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Time to Talk 2022

“Conversations about mental health have the power to change lives”

  • 1 in 6 adults have experienced a ‘common mental disorder’ like depression or anxiety.1

  • 2.0 million adults and 0.8 million children accessed NHS mental health, learning disability and autism services in 2020/212

  • Around 1 in 6 children aged 6 to 16 has at least one probable mental health problem in 2021, up from 1 in 9 in 2017.2

  • Mental health includes our emotional, psychological, and social well-being. It can affect how we think, feel, and act.

Mind and Rethink Mental Illness run the Time to Talk Day for England. The event was launched in 2014 by Time to Change, a campaign to end mental health stigma and discrimination. Scotland, Wales, and Ireland are all involved in the UK wide campaign with different lead organisations (Scottish Association for Mental Health and See Me in Scotland, Inspire and Change Your Mind in Northern Ireland and Time to Change Wales).

The day promotes starting supportive conversations to reduce stigma and increase the likelihood of people reaching out for help when they need it.

It might not always feel easy to know how to talk about mental health but remember, you don’t need to be an expert or fix anything in these conversations, the most important thing is to getting talking and listening.

The following tips can help make sure you approach mental health conversations in a supportive way:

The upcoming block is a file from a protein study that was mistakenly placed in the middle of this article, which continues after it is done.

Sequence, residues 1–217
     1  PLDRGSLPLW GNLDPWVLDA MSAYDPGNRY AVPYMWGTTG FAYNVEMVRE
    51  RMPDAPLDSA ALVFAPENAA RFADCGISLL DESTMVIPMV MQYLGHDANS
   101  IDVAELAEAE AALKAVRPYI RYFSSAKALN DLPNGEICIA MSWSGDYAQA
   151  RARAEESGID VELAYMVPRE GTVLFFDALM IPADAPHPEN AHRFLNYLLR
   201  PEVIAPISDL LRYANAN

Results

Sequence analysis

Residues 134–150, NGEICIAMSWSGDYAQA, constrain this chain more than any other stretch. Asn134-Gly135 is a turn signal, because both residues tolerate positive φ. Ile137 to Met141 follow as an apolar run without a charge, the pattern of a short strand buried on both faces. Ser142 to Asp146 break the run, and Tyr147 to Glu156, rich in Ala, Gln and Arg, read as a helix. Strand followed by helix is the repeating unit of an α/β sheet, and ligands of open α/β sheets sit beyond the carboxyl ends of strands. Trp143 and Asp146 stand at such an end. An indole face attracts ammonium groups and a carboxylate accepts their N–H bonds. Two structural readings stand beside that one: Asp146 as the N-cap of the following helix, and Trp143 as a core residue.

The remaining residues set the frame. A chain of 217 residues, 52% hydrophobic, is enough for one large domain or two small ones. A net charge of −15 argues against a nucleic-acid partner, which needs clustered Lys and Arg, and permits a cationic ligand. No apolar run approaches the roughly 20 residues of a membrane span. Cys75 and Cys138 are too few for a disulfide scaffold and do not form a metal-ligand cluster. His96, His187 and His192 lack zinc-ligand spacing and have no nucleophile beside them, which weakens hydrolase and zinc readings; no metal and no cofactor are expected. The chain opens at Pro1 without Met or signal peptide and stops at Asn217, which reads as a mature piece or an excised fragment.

Ask questions and listen

Give people space to express their thoughts and feelings by asking open questions. Listen without displaying judgement and engage with the discussion.

Example: “How does that impact you?”

Multi-task the conversation with an activity

Talking about mental health can often feel vulnerable. Having a talk whilst doing an activity can help the conversation flow and feel less overwhelming.

Example: Walk, tea, lunch, craft activity, offer to help with the day-to-day tasks, send them a check-in text to let them know you’re thinking of them.

Ask twice and have patience

“How are you?” is often used as polite small talk. Asking twice affirms you are not just going through the motions and makes it clear you are ready and willing to listen with the mental space to do so.

Don’t try and fix it

You don’t need to be an expert to listen. Having links to organisations like Mind and Rethink Mental Illness can be useful to point people towards better suited resources and further guidance.

Treat them same

The stigma around mental health can be scary to deal with it. Reassure the person you are there to support them without judgement.

Respect boundaries

Not everyone is ready to talk openly about their experiences. Focus on creating a supportive environment that is there for if/when they wish to talk. It can be helpful to set expectations by asking the person ‘do you need me to listen or do you need me to help you figure out the next steps?’

Two speech bubbles. 'Hey, do you have the headspace for me to vent right now? I'm glad you asked, let me just grab a coffee and I'll call you. Do you want me to listen or advise?

Next steps

Learn more about Time to talk day – About – Time To Talk Day

A poster saying 'However you do it, start a conversation about mental health' People are playing scrabble with the words 'Meet' 'Talk' 'Listen'

This article was written by Megan Siarey. You can find similar posts like this at and across Instagram, TikTok, and LinkedIn under the username @talksbymegan


1 Adult Psychiatric Morbidity Survey: Survey of Mental Health and Wellbeing, England, 2014. – NHS Digital

2 Research briefing by Carl Baker for House of Commons Library published 13th December 2021.

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